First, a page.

Friday, October 26, 2012

Fear and the Art of Procrastination

When I finished the first draft of my current project, I realized I had a problem--my subplots ate my main plot. It was more than fixable; I mapped out the scenes and information that need to be added, then wrote another 20,000 words or so. My current draft is a completely different story from that first version. It wasn't easy, though. It was demoralizing to write 'The End' and then realize I had another 20k to go.  And more than that, switching from editing back to writing is hard. I got stuck in this hyper-critical place.

So instead of writing, I fell into the hole of not writing. I went to the library and checked out ten books I've been meaning to read. I lived on Twitter. I daydreamed about taking naps. I even poked at my query letter, hoping that if I worked on it bit by snarling bit, it wouldn't be this huge task when I finally NEED to write it. Like Melinda Mae, if I start at the tail and tackle it bite by bite, eventually I'll eat an entire whale. (Hopefully it won't take me 89 years...)

But none of that helped my novel.  (Well, except maybe the whale bit. That's some good advice, Shel Silverstein...)

My book lingered in limbo. Because my brain was stuck. Because I was tired. Because I was scared.

My trip to the library was actually the thing that got me back on track. I read a fantastic book and it fired me up to finish mine. The prose was beautiful, the foreshadowing and world building subtle. It made me realize just how far I had to go in beating my WIP into submission, but it reminded me why I'm doing this. I love my story. I believe in it and want to give others the same emotional high I got reading that book.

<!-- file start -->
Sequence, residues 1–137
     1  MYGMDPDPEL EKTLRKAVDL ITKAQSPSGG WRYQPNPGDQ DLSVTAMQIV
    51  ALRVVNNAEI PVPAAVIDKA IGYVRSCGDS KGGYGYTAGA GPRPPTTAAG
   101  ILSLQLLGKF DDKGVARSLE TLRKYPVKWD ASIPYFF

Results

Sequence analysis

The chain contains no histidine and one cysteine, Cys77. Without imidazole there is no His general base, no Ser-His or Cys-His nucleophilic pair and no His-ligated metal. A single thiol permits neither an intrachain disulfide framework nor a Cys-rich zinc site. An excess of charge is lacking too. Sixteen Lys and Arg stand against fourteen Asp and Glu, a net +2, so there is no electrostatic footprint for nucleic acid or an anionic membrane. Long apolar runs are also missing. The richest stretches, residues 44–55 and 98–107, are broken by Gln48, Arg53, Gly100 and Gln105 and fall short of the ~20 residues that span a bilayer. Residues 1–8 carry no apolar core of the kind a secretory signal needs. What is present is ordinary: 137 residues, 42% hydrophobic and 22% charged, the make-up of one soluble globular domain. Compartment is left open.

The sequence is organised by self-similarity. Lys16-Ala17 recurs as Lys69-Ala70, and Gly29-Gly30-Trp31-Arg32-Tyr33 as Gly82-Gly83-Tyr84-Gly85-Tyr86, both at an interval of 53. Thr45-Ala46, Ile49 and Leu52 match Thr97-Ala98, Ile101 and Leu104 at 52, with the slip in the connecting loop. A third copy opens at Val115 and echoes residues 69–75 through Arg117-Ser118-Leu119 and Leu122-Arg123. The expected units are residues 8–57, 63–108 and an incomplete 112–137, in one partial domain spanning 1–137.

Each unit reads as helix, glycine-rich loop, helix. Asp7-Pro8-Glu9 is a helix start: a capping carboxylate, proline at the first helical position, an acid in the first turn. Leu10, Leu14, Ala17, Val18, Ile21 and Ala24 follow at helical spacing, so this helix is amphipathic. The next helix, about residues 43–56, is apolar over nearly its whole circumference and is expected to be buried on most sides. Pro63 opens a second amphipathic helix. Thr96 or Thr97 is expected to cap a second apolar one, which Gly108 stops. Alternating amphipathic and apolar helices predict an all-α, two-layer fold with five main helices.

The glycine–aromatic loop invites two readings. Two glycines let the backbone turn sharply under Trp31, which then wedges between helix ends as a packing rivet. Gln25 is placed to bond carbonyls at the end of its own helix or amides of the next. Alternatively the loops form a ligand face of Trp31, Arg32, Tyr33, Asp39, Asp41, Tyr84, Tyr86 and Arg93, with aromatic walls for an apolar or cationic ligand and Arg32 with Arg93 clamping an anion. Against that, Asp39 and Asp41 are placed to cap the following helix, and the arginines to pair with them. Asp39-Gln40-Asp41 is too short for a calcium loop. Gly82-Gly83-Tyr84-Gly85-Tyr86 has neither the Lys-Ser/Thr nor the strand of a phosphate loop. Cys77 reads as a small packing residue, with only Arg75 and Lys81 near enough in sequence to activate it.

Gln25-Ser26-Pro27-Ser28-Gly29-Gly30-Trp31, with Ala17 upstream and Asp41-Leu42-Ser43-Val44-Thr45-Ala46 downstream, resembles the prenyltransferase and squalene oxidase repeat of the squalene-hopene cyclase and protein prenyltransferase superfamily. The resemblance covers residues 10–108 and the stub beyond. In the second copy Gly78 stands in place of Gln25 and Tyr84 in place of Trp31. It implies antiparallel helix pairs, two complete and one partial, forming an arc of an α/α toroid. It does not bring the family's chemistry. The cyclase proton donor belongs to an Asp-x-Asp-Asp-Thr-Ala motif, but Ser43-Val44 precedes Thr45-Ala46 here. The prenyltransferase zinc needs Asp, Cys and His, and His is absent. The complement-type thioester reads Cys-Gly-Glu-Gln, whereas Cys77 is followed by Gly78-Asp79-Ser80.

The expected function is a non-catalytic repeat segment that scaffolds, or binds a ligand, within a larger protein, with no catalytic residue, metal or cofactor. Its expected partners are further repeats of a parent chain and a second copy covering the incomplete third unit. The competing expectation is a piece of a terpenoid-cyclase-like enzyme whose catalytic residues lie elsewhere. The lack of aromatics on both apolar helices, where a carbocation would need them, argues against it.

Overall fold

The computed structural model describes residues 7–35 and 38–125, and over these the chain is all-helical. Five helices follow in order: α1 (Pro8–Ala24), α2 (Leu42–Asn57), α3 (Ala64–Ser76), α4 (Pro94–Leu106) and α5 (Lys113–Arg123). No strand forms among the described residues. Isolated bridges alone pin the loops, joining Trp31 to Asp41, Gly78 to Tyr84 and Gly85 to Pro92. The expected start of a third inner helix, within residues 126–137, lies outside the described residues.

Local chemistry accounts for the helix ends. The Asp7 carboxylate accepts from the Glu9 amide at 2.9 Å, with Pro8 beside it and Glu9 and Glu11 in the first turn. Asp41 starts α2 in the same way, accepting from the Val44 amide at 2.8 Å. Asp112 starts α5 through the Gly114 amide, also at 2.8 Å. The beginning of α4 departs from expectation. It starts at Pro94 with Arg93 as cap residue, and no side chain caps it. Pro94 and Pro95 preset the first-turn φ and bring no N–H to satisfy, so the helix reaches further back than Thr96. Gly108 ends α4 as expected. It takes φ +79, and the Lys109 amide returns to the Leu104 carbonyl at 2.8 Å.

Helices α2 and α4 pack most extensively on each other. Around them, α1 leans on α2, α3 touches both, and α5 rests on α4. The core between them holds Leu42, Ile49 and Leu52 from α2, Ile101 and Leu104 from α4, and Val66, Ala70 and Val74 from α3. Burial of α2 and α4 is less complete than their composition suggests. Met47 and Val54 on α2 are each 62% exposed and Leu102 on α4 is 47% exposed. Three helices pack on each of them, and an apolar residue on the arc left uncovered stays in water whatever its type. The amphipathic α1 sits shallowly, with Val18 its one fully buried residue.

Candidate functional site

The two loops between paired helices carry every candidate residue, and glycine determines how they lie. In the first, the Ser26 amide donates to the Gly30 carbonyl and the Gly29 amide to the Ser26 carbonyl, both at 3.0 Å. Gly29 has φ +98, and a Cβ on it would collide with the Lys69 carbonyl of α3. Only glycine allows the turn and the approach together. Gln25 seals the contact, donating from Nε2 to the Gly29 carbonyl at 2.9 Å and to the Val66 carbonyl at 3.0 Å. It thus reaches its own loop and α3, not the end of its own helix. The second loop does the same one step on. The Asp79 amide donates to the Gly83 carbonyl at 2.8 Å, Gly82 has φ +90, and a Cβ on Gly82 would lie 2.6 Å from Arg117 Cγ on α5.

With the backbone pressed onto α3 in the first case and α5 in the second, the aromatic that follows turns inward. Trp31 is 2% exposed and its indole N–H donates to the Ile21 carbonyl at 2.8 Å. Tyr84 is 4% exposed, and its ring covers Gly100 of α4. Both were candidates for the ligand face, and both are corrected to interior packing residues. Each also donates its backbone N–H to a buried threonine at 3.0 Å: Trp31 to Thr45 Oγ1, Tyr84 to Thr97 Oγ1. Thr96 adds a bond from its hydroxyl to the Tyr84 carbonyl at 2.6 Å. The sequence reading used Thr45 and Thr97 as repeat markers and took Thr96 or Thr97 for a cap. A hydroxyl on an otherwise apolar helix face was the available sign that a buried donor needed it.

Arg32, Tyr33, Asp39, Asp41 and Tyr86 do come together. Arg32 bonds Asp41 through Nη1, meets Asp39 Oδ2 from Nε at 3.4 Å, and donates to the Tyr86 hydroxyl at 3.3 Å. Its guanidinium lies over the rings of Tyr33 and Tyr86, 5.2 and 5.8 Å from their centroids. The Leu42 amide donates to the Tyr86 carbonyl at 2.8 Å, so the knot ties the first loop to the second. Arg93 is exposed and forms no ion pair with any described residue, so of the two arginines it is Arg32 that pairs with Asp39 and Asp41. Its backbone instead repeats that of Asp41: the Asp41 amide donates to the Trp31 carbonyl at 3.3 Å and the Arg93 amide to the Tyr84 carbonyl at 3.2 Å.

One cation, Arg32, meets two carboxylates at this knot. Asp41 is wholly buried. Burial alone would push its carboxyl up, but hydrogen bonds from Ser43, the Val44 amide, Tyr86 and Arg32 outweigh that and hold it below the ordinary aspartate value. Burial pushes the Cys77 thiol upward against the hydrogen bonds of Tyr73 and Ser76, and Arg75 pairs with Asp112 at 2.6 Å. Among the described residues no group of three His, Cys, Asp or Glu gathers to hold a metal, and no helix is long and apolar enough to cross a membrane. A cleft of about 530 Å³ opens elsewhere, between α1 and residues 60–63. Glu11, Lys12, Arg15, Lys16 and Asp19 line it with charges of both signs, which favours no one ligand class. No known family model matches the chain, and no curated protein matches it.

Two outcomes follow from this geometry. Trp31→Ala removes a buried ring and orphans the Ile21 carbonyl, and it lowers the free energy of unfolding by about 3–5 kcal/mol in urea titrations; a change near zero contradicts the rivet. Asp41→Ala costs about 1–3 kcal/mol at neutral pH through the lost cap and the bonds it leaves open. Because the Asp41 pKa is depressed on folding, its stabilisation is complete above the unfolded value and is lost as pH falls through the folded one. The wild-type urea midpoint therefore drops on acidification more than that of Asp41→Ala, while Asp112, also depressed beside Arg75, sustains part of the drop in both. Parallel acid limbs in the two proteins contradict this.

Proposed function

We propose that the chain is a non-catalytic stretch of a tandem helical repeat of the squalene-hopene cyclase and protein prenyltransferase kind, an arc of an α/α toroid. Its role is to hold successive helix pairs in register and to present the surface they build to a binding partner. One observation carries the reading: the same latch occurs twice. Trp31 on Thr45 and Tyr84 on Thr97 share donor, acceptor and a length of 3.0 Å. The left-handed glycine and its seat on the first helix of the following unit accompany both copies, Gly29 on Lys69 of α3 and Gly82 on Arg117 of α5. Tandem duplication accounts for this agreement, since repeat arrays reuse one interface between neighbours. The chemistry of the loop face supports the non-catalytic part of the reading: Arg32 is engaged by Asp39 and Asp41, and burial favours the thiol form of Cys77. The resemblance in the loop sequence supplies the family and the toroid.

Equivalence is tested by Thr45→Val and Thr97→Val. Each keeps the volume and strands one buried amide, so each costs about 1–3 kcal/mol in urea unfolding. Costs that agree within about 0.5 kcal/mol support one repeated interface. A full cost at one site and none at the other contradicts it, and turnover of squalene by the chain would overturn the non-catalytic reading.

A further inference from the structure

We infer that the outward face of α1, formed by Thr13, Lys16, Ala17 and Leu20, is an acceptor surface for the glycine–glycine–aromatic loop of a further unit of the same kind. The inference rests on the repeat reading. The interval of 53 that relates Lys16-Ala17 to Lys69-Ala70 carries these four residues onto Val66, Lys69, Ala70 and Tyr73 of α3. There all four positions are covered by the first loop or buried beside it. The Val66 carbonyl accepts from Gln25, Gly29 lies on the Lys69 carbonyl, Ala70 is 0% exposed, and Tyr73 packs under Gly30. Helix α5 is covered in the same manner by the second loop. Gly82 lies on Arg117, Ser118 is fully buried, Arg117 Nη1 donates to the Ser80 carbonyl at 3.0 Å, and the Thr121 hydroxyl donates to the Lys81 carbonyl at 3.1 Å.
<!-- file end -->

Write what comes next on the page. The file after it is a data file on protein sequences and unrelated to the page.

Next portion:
It's easy to fall into the trap of 'I'm not a real writer, so what's the point? Everyone is going to realize I'm a fraud. Why did I think I could write a book?' But this is how artists think. (Well… some artists. Some think they're the next J.K. Rowling.) I'm the same way about my photographs, always expecting someone to call me out as getting lucky shots instead of having skill. On the suggestion of one of my photography instructors, I read the book Art &Fear. It was like someone snatched all the insecurities out of my head and laid them bare in paper and ink. (Go read it if you haven't. Writer/painter/animator/composer/photographer/sculptor, it'll resonate. Trust me.)

Making art is intensely personal. We pour out our very souls and put ourselves out there, naked and vulnerable, to be judged. It's hard. But we're hardest on ourselves. Much easier to bury myself in a mountain of books or play on Twitter or nap. Or even shuffle words around and pretend to work.

At the end of the day, the only person I'm cheating when I procrastinate is myself.  I don't have an agent or an editor to put the fear of deadlines into me.  I have to be self-motivated. If I trunk this novel and never write again, no one will know. But the stories in my head aren't going to go away by ignoring them. The only way to quiet the voices is to write them. It can be painful and difficult, but most times it's invigorating and FUN. It's a natural high when things come together just so, when some small, arbitrary decision ends up blindsiding the plot 200 pages later. I LOVE that feeling. It might be my favorite part of writing. (Brain's are so cool!)

( used to have this totally sweet pin. And now they don't. Sadness.)

If it was easy it wouldn't be rewarding. So from now on, instead of procrastinating I'm going to give myself permission to suck. Maybe today I'll write a bunch of lousy lines that I won't be able to use. Tomorrow, though, maybe I'll be back in that wonderful place where I can hardly type fast enough to get the words all down. I'll never reach that joyful creation space if I don't first confront the blinking cursor and perhaps weep a few bitter writer tear droplets.

I don't know what I'm so afraid of anyhow. That's what revisions are for, right?